# Types of Chordata Body Symmetry

Instructor: Margaret Cunningham

Margaret has taught many Biology and Environmental Science courses and has Master's degrees in Environmental Science and Education.

In this lesson, you will explore a group of organisms known as chordates. You'll learn about their general features and also examine what type of symmetry they have.

## Types of Symmetry

Imagine there is only one slice of pizza left that you want to cut equally to share with your friend. When you're cutting the slice, you're trying to maintain symmetry. Symmetry is when something is divided into equal parts or pieces. The concept of symmetry can also be applied to organisms.

Most animals exhibit either radial or bilateral symmetry. Radial symmetry occurs when the parts of an animal or object are arranged around a central axis and if they are divided through the axis they create equal parts on either side. The example below shows that the square has radial symmetry - if you draw a straight line through the center of the square in any direction, you will end up with two equal parts. Cutting a pie into equal slices is also an example of radial symmetry. Bilateral symmetry is when the body or object can be divided into left and right sides that are mirror images of each other. The example below shows that the letter M has bilateral symmetry. When you cut the letter M in half, you end up with exact copies on the left and right sides.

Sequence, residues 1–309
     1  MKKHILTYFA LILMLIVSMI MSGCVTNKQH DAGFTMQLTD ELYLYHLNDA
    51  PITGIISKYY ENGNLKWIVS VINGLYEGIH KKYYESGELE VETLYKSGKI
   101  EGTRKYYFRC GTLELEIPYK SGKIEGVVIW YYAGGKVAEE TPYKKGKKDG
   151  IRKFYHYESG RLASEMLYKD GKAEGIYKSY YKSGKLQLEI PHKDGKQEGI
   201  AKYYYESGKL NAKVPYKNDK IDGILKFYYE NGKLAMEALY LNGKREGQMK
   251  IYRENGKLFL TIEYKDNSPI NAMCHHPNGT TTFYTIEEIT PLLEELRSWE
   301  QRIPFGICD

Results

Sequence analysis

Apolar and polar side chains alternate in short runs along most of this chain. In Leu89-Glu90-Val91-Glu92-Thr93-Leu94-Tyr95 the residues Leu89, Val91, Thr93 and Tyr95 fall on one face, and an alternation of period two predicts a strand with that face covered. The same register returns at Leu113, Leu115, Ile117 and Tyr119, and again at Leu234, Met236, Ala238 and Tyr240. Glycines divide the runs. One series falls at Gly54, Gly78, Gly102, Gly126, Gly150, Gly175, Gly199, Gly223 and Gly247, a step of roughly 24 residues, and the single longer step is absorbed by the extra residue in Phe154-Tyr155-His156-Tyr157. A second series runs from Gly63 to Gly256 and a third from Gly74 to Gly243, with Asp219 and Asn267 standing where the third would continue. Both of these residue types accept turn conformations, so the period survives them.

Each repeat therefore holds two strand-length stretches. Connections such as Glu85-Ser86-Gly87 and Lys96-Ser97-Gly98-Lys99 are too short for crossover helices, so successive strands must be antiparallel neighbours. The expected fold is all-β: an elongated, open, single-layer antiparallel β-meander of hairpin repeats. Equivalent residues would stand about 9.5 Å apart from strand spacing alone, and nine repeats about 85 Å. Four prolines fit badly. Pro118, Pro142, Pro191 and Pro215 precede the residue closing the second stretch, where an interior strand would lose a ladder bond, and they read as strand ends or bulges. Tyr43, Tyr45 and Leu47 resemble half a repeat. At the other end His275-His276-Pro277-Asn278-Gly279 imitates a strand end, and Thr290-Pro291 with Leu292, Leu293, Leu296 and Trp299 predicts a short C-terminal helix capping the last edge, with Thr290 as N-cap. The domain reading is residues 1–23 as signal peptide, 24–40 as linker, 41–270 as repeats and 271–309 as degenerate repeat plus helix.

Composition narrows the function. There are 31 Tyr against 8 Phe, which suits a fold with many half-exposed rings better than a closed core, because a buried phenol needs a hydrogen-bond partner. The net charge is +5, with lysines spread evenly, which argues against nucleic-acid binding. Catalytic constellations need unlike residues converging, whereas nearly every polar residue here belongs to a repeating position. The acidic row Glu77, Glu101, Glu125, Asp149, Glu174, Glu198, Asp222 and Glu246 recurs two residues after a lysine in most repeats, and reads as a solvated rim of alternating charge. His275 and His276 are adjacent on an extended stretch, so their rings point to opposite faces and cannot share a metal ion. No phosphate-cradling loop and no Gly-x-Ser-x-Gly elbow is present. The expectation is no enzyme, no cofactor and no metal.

Now, let's go back to that last slice of pizza from the beginning. If you wanted to be fair and have equal size pieces, you would cut the slice lengthwise, creating two equal and mirror image pieces. Cutting the pizza slice in this manner would be an example of bilateral symmetry.

## What Is a Chordata?

Now that we know more about the types of symmetry, let's apply it to the organisms in the phylum Chordata. Members of phylum Chordata are often referred to as chordates, and these organisms share four common characteristics. First, all chordates have nerve cord that runs the length of the body and develops into the brain and spinal cord. The second characteristic that all chordates have is a notochord, which is a flexible rod that is present during early development to help with stability. Pharyngeal slits are the third characteristics shared by chordates. These slits connect the pharynx, or throat, of the organisms to the outside environment. The final characteristic that all chordates share is a postanal tail, which extends beyond the anus during early development. Although every chordate has these four characteristics at one point, not all chordates maintain them throughout their entire lives. Many chordates have these characteristics early in development and, as they grow and change, they lose these features.

There are over 55,000 different species in phylum Chordata, including fish, amphibians, reptiles, birds, and mammals. Humans are considered mammals and are therefore also a part of phylum Chordata. Below are some images of well known chordates, such as bears, mockingbirds, and bullfrogs.

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